Hebrews

Overview

The book of Hebrews exalts the Lord Jesus Christ as being superior to all else. This epistle draws heavily on the Old Testament background to demonstrate His superiority to believers who, because of persecution, are tempted to fall back to living under the Law of Moses rather than confidently living in the “rest” of God.

Although its authorship has been disputed over the centuries, its place in the New Testament has been unanimously affirmed without question from the earliest times. The challenge to faith in a changeless Christ who died once for all for sins for all time will spur you on in your Christian walk.

This daily blog is a collection of verse-by-verse devotions that are short commentaries with inspirational thoughts for each day—five days per week—spanning an entire year. These are actively being published in 2014 beginning on the first Monday of the year. All past issues are stored in the website archives, which can be accessed readily on this site. Based on the New American Standard Version (NASB) I hope these will spur you on to further contemplation of how wonderful our Lord and Savior Jesus Christ is.

A few notes are in order:

1. The reader will notice that in this devotional exposition series we capitalize pronouns and other direct references to Deity, being consistent with the pattern of the NASB, which is the version used. However, it should be noted that the original Greek in which the New Testament was written does not make this distinction.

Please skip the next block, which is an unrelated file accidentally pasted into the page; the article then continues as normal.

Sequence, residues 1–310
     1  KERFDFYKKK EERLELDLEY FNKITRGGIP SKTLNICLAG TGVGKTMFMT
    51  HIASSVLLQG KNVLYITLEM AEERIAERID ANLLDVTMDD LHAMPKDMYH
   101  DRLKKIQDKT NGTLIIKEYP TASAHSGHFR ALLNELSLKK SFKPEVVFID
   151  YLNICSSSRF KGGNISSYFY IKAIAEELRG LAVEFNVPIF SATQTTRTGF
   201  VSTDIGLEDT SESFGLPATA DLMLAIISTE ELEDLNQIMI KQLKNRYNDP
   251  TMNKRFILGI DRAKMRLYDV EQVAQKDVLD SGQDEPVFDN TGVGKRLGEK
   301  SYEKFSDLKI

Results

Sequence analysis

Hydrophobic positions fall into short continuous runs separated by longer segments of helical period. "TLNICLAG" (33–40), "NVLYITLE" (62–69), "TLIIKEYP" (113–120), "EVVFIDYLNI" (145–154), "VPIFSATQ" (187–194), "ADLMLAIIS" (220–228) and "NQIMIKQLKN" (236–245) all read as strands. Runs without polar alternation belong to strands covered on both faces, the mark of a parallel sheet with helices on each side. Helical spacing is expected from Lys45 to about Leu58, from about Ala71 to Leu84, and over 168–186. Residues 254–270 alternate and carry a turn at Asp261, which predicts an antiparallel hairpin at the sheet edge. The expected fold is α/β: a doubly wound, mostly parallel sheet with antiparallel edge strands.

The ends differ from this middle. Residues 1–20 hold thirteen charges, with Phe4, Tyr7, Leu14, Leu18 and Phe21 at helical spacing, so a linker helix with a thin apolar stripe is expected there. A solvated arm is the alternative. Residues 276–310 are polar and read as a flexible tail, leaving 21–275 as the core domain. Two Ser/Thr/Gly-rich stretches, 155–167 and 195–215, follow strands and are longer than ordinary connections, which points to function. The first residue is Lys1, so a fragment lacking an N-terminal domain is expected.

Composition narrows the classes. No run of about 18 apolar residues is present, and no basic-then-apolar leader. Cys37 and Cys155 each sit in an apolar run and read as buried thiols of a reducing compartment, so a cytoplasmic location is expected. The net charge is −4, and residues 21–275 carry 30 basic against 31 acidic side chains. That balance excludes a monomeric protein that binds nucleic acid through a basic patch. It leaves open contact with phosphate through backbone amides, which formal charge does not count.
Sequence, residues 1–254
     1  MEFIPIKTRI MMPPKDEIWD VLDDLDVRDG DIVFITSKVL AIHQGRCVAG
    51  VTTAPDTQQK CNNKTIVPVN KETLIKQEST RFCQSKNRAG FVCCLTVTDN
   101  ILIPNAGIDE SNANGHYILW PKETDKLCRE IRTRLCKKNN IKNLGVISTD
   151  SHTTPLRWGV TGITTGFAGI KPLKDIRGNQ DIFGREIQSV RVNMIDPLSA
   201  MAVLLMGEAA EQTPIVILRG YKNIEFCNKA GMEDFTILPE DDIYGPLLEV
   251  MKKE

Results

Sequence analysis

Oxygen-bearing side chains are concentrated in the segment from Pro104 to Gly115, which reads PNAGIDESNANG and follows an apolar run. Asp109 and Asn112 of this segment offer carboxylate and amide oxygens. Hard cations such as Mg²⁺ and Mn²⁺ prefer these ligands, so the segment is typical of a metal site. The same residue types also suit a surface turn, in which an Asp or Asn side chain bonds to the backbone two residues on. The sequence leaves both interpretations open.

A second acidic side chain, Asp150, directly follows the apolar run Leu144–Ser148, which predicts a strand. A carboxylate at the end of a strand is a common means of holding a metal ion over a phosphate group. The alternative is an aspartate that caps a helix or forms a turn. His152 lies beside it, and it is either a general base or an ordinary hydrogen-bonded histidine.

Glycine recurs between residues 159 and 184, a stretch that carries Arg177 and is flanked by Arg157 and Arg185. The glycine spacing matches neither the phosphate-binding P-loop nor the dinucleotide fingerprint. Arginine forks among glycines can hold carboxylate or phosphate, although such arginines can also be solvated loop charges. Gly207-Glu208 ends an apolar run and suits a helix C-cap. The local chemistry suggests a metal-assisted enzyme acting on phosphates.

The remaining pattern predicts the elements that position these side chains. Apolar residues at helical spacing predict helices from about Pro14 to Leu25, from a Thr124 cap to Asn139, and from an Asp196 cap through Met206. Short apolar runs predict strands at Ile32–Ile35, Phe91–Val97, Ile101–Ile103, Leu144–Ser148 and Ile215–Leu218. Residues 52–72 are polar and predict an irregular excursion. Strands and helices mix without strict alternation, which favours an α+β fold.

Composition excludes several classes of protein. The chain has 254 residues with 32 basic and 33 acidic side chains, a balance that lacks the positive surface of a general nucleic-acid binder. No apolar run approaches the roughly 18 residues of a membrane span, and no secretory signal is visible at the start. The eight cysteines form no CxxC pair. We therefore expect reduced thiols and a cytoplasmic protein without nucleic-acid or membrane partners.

2. Why just five days per week? Our experience is that for most people, routines of life revolve around a five-day work week, so it is often easier to schedule devotional readings in that framework. This, of course, leaves the weekends free for alternate readings—which provides variety. We might suggest on the weekends, the reader read one chapter of Proverbs and three chapters of Psalms each day. In this way, in one year the entire book of Proverbs will be read three times, and the book of Psalms twice—with a few days to spare!

3. We suggest taking 15 minutes each workday morning: one minute to pray, asking the Lord to open your mind and heart to His voice; ten minutes for reading and musing on the meditation; and four minutes for prayer based on devotional for the day. The more specific you can be in your prayer, the better. Remember, the Lord wants to hear from you. Feel free, of course, keep a log of your prayer concerns so that you can be consistent.

I pray the Lord will use these brief daily meditations to encourage you in your walk with Him.

NOTE: To begin this series, click here. After reading each E-Med, click on the link to the next one found at the end of the current reading. 

Chuck Gianotti

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